Australia’s former Governor-general Dame Quentin Bryce on why she’s determined to improve the lives of children and mums.
Golden autumn light streams into the elegant corner office of Dame Quentin Bryce. The third-floor space, in a handsome heritage building on the Queensland University of Technology campus, commands sweeping views of the City Botanic Gardens and, just after 4pm every day, the kookaburras begin to laugh, their chorus silencing the cacophony of chattering students below.
“How beautiful it is,” trills Bryce, sipping ginger tea from a pretty purple gilt-rimmed cup. “I just love being back on campus; it is so vivacious and energetic here.”
Looking almost ethereal in an ivory Collette Dinnigan frock embellished with daisies and diamantés, large silver earrings glinting beneath her coiffured blonde bob, one of Australia’s most recognised women is delighted to be talking about her favourite subject: children.
“Children have been the focus of my life, all my life,” she says. “Whatever else I might have been doing, children, not just my own children but all children, have been at the centre.
“During my recent work on domestic violence [as chair of a Queensland government taskforce], I’ve just constantly said to myself at the end of the day, ‘What about the children?’”
At 74, Australia’s former governorgeneral and grandmother of 11 (with number 12 on the way) couldn’t be more pleased with her role as an ambassador for the Murdoch Childrens Research Institute (MCRI).
“I find it exhilarating.” she says. “We sit there rapt when these top scientists come in and talk about their work, and we feel quite at ease asking the same questions – can you just explain again about those stem cells?”
The “we” is a cohort of eminent Australian women dedicated to raising awareness about the Melbourne-based institute, now in its 31st year.
There’s Dame Marie Bashir (former governor of New South Wales), Paula Fox (wife of trucking magnate Lindsay Fox), Ros Packer (widow of media baron Kerry Packer), Jeanne Pratt (widow of packaging and recycling king Richard Pratt), Lady Primrose Potter (arts administrator and widow of Sir Ian Potter), Frances Underwood (widow of Governor of Tasmania Peter Underwood), Jean Miller (property developer) and Janet Calvert-jones, daughter of the institute’s co-founder Dame Elisabeth Murdoch (son Rupert is executive chairman of News Corp, publisher of this magazine).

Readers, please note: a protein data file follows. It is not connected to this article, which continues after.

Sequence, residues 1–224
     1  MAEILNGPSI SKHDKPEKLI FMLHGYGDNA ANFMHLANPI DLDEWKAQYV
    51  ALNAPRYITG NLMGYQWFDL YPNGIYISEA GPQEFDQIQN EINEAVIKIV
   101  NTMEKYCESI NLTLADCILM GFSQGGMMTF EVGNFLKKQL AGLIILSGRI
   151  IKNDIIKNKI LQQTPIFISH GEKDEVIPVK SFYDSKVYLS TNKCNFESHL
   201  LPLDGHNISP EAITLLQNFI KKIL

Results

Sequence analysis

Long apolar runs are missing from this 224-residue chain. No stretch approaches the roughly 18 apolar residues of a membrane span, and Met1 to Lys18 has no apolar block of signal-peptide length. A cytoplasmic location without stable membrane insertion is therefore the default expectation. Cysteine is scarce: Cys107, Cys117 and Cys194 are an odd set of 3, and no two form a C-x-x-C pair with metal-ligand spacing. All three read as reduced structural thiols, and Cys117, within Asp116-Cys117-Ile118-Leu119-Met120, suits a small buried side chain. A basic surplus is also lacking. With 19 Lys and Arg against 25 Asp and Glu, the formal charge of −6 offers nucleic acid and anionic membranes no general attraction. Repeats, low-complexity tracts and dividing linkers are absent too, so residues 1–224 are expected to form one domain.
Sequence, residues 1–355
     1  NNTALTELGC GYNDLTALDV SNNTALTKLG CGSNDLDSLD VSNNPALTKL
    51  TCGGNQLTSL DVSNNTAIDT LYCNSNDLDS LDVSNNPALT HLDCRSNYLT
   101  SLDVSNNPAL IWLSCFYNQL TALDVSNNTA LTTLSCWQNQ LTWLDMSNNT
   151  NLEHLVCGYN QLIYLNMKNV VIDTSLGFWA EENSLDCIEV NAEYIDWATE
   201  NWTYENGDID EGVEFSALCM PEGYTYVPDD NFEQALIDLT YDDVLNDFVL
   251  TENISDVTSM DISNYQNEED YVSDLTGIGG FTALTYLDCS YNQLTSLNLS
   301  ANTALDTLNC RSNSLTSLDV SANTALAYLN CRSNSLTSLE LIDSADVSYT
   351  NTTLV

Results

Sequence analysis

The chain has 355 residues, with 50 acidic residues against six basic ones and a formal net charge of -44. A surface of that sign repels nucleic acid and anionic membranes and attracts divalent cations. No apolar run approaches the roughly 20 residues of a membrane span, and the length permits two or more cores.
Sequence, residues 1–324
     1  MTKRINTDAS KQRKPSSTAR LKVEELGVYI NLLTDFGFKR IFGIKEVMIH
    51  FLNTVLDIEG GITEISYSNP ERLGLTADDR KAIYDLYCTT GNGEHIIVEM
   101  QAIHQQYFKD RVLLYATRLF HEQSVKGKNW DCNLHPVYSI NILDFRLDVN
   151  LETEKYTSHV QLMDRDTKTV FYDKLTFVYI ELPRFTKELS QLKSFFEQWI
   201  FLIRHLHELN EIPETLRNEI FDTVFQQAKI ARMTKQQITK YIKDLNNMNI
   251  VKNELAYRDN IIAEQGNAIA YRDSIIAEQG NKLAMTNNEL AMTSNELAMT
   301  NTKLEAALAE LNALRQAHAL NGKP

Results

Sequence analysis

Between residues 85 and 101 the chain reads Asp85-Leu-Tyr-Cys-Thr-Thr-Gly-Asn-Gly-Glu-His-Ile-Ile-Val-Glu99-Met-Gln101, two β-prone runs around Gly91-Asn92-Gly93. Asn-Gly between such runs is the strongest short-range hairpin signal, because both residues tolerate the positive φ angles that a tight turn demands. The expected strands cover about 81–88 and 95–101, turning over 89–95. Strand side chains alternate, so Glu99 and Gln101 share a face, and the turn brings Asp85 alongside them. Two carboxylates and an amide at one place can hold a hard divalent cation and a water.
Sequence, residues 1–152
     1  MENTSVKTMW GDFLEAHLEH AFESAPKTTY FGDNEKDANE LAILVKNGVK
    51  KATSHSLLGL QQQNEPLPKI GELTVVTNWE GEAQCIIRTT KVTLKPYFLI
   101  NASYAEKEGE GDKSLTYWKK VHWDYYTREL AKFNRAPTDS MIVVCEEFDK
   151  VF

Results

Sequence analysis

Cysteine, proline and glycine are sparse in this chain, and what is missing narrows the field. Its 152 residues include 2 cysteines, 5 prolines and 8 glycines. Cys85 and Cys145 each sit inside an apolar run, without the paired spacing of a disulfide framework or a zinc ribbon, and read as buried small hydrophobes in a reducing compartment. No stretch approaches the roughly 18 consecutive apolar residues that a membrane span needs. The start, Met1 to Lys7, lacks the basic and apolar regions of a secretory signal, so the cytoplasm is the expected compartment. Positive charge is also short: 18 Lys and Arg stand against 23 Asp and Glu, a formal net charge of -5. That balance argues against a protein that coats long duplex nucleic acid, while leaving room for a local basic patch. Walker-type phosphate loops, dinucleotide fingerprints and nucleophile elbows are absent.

Their combined life experience, philanthropic passion, political nous and business acumen is formidable.
As for the MCRI director Professor Kathryn North, a whip-smart
paediatrician, neurologist and clinical geneticist, Bryce enthuses, “We’re all madly in love with her.”
Far from being a mutual admiration society, however, the Council of Ambassadors “gets down to business”, hosting fundraisers to support the institute’s groundbreaking research into allergies, genetics and a new rotavirus vaccine tipped to save millions of babies worldwide.
One event on April 20 in Melbourne raised more than $1 million, a portion of that from the auction of an original painting by Brisbane-based artist Pip Spiro who, as a mother of a healthy 10-month old girl, didn’t hesitate to contribute to the cause.
Bryce says the power of female collaboration is “one of life’s most wonderful things”.
Looking back, she first experienced it as a 20-something mother with five children, one of whom was desperately sick.
“Our youngest, Tom, had a blood disease, aplastic anaemia, when he was a toddler, and in those days 95 per cent of children died from leukaemia. There is nothing as scary, that fills you with such fear and anxiety, as having a child that’s ill,” she says, her voice growing faint.
If it takes a village to raise a child, then her village was St Lucia, in Brisbane’s leafy west. She still calls it her “patch” – she and architect-designer husband Michael, 78, now live in the neighbouring suburb of Indooroopilly.
“Before I was 30 I had five children, which wasn’t such a different picture back then. Our whole neighbourhood were families with four or more children, and they were out on the streets playing.
“Through our mothering, it’s the friendships and connections we make, when we’re really depending on each other. We all have ups and downs,
worries and anxieties, and all mothers need to be reassured and encouraged.”
QUENTIN ALICE LOUISE Strachan was born in Brisbane at Turrawan Hospital (now the boarding house for Clayfield College) on December 23, 1942.
She was the third of four children for Norman Strachan and Edwina Wetzel. Tragically, Bryce’s immediate elder sister died from “a condition that today would be diagnosed and treated. I don’t really talk about it… families my age, particularly people in remote and rural Australia, all have stories like that, and we marvel at the science today.”
Her early childhood was spent in Ilfracombe, near Longreach in Central West Queensland, before the family moved briefly to Tasmania and then to Brisbane, where Bryce attended Camp Hill State School and later boarded at Moreton Bay College.
At 17, she began studying law at the University of Queensland – one of only two women in her cohort – and was admitted to the bar in 1965, a year after marrying Michael Bryce, whom she knew in primary school.